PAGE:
Grow­ers in the Golden State took it from there. This loose-​skinned, sub-​acid fruit has a zip­per peel and is seed­less. What more can one ask for except the minia­ture size is per­fect for sin­gle serve snack­ing.

    Com­pared to oranges in gen­eral, man­darins tend to be smaller in size, have a looser peel, and are less tart. They orig­i­nated in the Far East and were orig­i­nally exported through North Africa, where they were all tagged with the name “tan­ger­ine,” from the city of Tang­iers.

    The name “tan­ger­ine” has become less generic and is now usu­ally applied to only one kind of man­darin orange. Retail­ers have come to mar­ket the dif­fer­ent cul­ti­vars by so called brand names. While all tan­ger­ines are man­darins, not all man­darins are tangerines.
  • What’s a sip of mojito or slice of key lime pie with­out the bright­ness of fresh lime juice? Lack­ing for starters.

    Lucky then that limes are avail­able year round to impart their aro­matic, tangy good­ness.

    Under­stand­ing the vari­etal dif­fer­ences in limes might be use­ful for the best choices in culi­nary appli­ca­tions.

    Although there are other cit­rus species that are referred to as “limes”, the Per­sian lime is the most widely cul­ti­vated lime species com­mer­cially grown. It accounts for the largest share of the fruits sold as limes.

    Extremely fla­vor­ful, Per­sian limes are a key ingre­di­ent in regional cuisines world­wide. Also known as Tahit­ian or Bearss, Per­sian limes deliver an intensely tart fla­vor to your dishes and cock­tails. Typ­i­cally sold while still dark green, they become light green to a mild yel­low as they ripen.

  • ‘Tis the sea­son for serv­ing up spe­cial treats for every hol­i­day fes­tiv­ity. Snacks, drinks and baked goods have per­mis­sion to go a lit­tle hol­i­day crazy.

    Ordi­nary bev­er­ages and plain Jane snack foods get a waver on being one hun­dred per­cent healthy this time of year.

    The addi­tion of alco­hol, sugar and but­ter adds up over the extended hol­i­day period. From din­ner par­ties and open houses to office potlucks and neigh­bor­hood gath­er­ings, con­sump­tion of those off limit ingre­di­ents is off the charts.

    Good news then that pro­duce offer­ings give us a chance to include some fla­vor boost­ers that are rel­a­tively harm­less. If not for calo­ries alone, their wel­comed pos­i­tive affects seem to present “magic pow­ers”.

    The peels of cit­rus fruits such as oranges, man­darins, tan­ger­ines, lemons and grape­fruit con­tain potently scented nat­ural oils that release into the air when the peel is bro­ken. Their scent has been proven to be a pow­er­ful mood booster.
  • Hun­ker­ing down to avoid the win­ter dol­drums requires a cer­tain amount of self-​awareness. Dreary, cold Jan­u­ary days sup­press high spir­its and kill spunk.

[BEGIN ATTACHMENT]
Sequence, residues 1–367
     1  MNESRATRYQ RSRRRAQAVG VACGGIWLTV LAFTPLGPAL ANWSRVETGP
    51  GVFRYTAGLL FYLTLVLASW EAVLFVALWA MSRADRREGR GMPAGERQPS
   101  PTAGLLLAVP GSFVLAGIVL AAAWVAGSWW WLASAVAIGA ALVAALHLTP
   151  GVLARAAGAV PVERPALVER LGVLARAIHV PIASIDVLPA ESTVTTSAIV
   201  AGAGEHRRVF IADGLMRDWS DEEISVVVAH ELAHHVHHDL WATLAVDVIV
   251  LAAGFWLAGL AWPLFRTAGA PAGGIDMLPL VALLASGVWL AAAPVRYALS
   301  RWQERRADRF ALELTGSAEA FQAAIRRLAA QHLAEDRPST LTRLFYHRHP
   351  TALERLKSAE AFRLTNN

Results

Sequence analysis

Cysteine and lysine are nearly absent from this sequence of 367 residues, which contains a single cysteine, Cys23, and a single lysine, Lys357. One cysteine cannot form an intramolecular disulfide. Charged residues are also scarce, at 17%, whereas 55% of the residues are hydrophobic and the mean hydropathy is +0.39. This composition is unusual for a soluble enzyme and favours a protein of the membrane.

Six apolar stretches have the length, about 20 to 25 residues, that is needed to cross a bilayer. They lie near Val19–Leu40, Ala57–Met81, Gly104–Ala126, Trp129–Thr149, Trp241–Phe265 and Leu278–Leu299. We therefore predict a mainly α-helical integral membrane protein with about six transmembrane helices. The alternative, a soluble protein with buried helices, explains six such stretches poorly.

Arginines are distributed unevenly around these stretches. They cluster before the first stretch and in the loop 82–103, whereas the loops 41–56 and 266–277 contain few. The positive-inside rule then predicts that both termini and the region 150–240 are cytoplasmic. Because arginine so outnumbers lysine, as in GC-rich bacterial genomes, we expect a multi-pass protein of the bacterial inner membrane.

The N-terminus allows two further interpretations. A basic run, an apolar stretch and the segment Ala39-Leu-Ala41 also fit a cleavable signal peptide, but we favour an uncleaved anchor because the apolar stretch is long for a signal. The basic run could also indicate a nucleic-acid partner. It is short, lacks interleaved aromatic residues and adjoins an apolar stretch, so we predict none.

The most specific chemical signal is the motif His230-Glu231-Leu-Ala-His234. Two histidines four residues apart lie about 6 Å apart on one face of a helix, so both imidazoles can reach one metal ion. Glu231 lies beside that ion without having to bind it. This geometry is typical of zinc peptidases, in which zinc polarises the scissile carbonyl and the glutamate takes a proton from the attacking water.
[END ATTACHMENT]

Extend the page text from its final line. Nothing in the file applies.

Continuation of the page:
Need a quick boost? Skip the day spa and go straight to the fruit bowl. A shot of sun­shine and bright­ness is just a peel away.

    Cit­rus ther­apy invig­o­rates the senses and tricks the mind into ener­gized, warmer thoughts.

    A sim­ple act of reach­ing for any type of cit­rus– orange, man­darin or grape­fruit– sets a tone for self care and good health. This choice, above other salty or sweet snack options, rein­forces good behav­ior and new year res­o­lu­tions.

    Break­ing open the skin of any easy to peel cit­rus fruit releases a burst of oil. Aro­matic and clean, the fra­grance is at once wel­com­ing and familiar.
  • Another four to five weeks of win­ter ahead means there is still plenty of time to enjoy late sea­son cit­rus fruits.

    The increas­ing demand for man­darins is tes­ta­ment to the per­fect gem of a snack or lunch box treat.

    Man­darins are known for their sweet fla­vor and dis­tinc­tive fra­grance. Easy peel skins and bite size seg­ments make man­darins a pop­u­lar go to pick for cit­rus fans of all ages.

    Lucky that there are late sea­son vari­eties to grab our atten­tion amidst the crowded space of apples and pears. These juicy fruits can be added to every­thing from fruit sal­ads to stir fries — jams and pre­serves to win­ter cock­tails.

    One late comer, that is new on the scene at this point in the cit­rus har­vest is the Gold Nugget man­darin. Cal­i­for­nia grown, this seed­less, sweet tan­ger­ine named after its bright orange, slightly bumpy rind.

    This hybrid is a cross between two non-​commercial. It was devel­oped by the Uni­ver­sity of Cal­i­for­nia at River­side. The Gold Nugget is a great juicer, aver­ag­ing a 50 per­cent juice con­tent. The fruit itself has a deep orange color inte­rior flesh with a mod­er­ately fine tex­ture. Pro­fes­sional taste pan­els con­sider this to be one of the very best fla­vored cit­rus’ in the world with a rich, full-​bodied taste.